POCATELLO, ID – A scene from a version of the ancient Sumerian legend “The Epic of Gilgamesh” replays through my mind every so often.
In this version of the story, Ishtar, the goddess of love, has offered the men, Gilgamesh and Enkidu, love, sex, whatever most humans are led to believe is the ultimate life experience, but instead, the men become engrossed in each other and get into a wrestling match working through the violence and issues of envy they have with each other, a form of trial by ordeal.
Ishtar is puzzled by this behavior, but the men brush her off claiming that making love with women is ok, but close friendship with other men is more important.
Friendship, not romantic love, the story claims, is the key to a satisfying life.
Over the years I’ve seen versions of this story played out in real life as well as in literature, and I must warn readers that it’s best not to jump to homoerotic conclusions.
In a Biblical replay of the epic, Jacob is angry because the wife he believes he married turns out to be the girl’s older sister that his father-in-law cleverly sneaked into the wedding chamber. Since Jacob’s story is also Middle-Eastern and is fraught with similarities to the Gilgamesh legend, we find that he too gets into a wrestling match with a man, an angel, or with God; references differ, but at the end of the struggle, Jacob receives a new name, Israel, and has come to terms with his fate. The physical struggle soothes his mental anguish, and as all such stories go, a woman lurks in the shadows.
The American West is not without its version of the myth, the 1953 George Stevens film “Shane”, was filmed just up the crik from where I am now sitting. The scenes take place near Jackson’s Hole, Wyoming. It’s a beautiful film with the infamous peaks of the Tetons in the background, a lovely grassy plain with deer and elk, a sweet flowing stream (now I expect the area is pretty much filled up with condos and hotels). And Shane himself is beautiful with his blond hair and fringed buckskins in contrast with other characters’ more practical work clothing.
In fact, when the film was first shown in New York City, a predominately Jewish audience laughed when Alan Ladd first appeared and announced, “Call me Shane.” Shana, Shaina, is Yiddish for feminine beauty.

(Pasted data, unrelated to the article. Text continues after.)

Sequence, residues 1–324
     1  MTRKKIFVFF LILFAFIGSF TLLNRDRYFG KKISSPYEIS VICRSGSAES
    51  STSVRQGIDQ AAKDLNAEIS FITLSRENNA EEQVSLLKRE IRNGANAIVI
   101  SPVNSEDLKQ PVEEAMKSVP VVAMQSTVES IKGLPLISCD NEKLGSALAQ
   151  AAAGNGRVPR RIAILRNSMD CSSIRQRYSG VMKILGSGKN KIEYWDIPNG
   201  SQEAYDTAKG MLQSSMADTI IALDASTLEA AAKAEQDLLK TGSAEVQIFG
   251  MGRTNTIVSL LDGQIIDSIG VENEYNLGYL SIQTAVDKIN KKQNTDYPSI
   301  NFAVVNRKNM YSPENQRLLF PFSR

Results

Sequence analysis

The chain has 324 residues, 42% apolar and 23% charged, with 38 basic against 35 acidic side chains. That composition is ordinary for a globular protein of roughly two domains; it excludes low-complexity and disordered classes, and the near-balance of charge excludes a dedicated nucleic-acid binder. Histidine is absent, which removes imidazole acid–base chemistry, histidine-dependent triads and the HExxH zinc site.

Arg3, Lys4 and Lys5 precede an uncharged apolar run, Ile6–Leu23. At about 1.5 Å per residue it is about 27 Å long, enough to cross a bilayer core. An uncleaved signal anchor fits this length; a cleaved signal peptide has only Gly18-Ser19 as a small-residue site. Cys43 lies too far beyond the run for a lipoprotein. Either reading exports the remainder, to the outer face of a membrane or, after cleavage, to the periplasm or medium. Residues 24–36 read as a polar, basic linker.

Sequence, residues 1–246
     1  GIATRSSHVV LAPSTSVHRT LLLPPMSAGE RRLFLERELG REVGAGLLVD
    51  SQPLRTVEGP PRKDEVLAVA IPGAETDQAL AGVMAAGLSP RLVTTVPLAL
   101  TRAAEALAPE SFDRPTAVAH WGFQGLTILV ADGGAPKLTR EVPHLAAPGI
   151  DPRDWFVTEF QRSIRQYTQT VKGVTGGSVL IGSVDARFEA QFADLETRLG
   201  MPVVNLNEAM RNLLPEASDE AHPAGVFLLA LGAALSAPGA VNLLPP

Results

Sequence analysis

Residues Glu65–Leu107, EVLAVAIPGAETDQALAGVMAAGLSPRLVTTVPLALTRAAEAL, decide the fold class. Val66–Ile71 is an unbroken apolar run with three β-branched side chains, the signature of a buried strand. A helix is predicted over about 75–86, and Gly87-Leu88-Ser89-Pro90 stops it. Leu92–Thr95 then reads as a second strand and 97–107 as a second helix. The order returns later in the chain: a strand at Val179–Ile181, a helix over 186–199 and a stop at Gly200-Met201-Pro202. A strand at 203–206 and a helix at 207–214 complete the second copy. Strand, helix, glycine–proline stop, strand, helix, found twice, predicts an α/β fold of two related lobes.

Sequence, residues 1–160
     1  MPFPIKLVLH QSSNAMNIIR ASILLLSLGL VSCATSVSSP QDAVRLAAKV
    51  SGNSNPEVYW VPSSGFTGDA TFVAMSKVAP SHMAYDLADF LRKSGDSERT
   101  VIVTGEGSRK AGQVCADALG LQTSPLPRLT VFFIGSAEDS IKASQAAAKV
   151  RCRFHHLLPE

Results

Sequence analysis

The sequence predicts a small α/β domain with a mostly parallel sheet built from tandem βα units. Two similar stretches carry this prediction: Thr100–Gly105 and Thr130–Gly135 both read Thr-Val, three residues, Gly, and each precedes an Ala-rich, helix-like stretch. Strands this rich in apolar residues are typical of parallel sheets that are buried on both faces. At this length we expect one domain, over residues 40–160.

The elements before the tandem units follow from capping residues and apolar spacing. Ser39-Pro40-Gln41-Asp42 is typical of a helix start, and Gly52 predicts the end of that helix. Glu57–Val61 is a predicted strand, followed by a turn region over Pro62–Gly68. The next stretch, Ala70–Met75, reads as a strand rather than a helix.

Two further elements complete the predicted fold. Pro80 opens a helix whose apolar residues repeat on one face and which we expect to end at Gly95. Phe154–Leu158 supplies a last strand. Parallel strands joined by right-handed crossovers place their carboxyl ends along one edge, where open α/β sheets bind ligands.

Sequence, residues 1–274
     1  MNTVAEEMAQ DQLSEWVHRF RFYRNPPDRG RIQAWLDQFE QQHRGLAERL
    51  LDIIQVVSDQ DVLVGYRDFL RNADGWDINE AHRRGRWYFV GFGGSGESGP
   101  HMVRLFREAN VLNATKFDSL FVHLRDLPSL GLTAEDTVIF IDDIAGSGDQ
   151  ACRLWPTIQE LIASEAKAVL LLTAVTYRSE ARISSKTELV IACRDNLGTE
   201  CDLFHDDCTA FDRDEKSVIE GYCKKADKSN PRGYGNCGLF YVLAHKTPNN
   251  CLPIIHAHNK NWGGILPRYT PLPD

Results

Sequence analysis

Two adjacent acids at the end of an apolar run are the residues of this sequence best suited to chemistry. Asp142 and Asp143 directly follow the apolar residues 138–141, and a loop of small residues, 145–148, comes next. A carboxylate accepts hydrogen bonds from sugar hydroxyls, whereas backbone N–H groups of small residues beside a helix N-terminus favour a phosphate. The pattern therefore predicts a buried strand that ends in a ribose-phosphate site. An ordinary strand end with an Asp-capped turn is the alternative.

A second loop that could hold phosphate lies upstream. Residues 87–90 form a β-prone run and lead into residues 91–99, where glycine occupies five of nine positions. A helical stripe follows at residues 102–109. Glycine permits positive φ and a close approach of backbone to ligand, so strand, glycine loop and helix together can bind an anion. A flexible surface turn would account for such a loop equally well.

Mid-story, Shane and homesteader Joe Starret engage in a physical test of strength and character. Joe is married to Marion who loves him, but she and Shane are obviously attracted to each other. Neither man discusses this with Marion directly or with each other; and yet, the issue lies bare between the men who become engrossed in chopping out and removing a huge troublesome stump; they don’t stop until the task is accomplished.
This behavior disturbs Marion who realizes the task has become a competition. Who is the better man? In what I interpret as a very silly scene, Marion tries to distract the men from their work by donning her wedding dress and displaying her most feminine self, reminiscent of Ishtar’s behavior before Gilgamesh and Enkidu. The men ignore her, however. They finish the task, and as a result become friends who deeply respect each other.
British author D. H. Lawrence (famous for writing the steamy and controversial Lady Chatterley’s Lover) lived out his last years near Taos, New Mexico. In his novel Women in Love, there is also a wrestling scene between two male friends. Ursula and Rupert become a couple, and Ursula wants him all to herself, but Rupert and Gerald have become deep friends. The men get into a wrestling match one evening that deepens their relationship and upsets Ursula who wants to believe that love between a man and a woman is enough. But Rupert tells her that it isn’t enough.
When I read Women in Love as a young woman, it angered me. Of course, then I believed, a deep relationship between husband and wife is enough. Now I know better. We all need our friends, and if a partner interferes with important friendships, it diminishes the partnership.
I cherish the friends I’ve made over these last many years in my private Pocatello.